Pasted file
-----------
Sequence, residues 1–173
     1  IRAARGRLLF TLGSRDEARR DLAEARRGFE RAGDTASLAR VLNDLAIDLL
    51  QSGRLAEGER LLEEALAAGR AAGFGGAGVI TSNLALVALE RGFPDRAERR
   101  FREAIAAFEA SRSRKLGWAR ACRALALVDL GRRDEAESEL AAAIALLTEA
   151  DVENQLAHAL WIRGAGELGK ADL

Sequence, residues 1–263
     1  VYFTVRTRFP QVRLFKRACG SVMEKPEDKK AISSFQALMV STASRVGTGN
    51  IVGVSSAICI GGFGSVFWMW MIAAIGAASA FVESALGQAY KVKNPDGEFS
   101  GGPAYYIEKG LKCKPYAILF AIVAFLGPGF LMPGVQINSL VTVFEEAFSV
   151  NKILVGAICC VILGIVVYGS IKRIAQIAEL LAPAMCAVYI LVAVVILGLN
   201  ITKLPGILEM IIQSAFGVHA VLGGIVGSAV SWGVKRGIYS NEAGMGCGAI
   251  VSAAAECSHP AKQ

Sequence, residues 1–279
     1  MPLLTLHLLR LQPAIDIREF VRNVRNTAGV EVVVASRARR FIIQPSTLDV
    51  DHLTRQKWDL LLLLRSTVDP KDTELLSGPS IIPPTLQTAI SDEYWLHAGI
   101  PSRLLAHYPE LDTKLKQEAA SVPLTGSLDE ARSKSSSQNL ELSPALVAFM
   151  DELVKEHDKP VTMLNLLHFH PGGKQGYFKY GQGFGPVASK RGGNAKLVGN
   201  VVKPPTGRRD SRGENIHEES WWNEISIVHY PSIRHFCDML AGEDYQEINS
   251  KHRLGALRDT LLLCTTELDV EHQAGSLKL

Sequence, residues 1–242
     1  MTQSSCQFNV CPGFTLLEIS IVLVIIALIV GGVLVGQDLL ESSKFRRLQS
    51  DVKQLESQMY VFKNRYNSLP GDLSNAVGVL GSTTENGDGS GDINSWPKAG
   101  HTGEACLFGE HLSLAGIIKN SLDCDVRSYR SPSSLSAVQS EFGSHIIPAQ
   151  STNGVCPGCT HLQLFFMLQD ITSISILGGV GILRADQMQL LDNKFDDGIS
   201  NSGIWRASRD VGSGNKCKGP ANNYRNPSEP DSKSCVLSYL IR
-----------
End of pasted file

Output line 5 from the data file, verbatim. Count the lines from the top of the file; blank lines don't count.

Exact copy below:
   151  DVENQLAHAL WIRGAGELGK ADL